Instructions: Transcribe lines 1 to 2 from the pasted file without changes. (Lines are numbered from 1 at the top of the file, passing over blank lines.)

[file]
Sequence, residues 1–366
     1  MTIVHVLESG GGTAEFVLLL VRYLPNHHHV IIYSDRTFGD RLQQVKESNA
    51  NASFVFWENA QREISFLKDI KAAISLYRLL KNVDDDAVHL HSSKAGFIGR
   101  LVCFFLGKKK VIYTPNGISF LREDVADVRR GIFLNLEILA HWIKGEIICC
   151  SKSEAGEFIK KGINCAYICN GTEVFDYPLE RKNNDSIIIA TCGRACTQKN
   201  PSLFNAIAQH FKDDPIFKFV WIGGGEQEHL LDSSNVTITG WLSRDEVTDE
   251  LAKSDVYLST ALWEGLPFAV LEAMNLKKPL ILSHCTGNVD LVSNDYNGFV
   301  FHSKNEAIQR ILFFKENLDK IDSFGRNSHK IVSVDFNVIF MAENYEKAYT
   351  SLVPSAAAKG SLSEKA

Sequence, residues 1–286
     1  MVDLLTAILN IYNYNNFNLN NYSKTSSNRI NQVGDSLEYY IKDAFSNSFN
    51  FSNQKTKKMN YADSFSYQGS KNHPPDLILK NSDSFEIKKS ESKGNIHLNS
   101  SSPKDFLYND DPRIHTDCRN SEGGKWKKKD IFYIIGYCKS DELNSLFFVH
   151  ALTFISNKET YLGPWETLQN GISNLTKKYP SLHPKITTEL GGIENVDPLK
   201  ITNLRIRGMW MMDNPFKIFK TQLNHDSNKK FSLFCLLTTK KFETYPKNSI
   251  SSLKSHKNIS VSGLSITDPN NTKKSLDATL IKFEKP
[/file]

Sequence, residues 1–366
     1  MTIVHVLESG GGTAEFVLLL VRYLPNHHHV IIYSDRTFGD RLQQVKESNA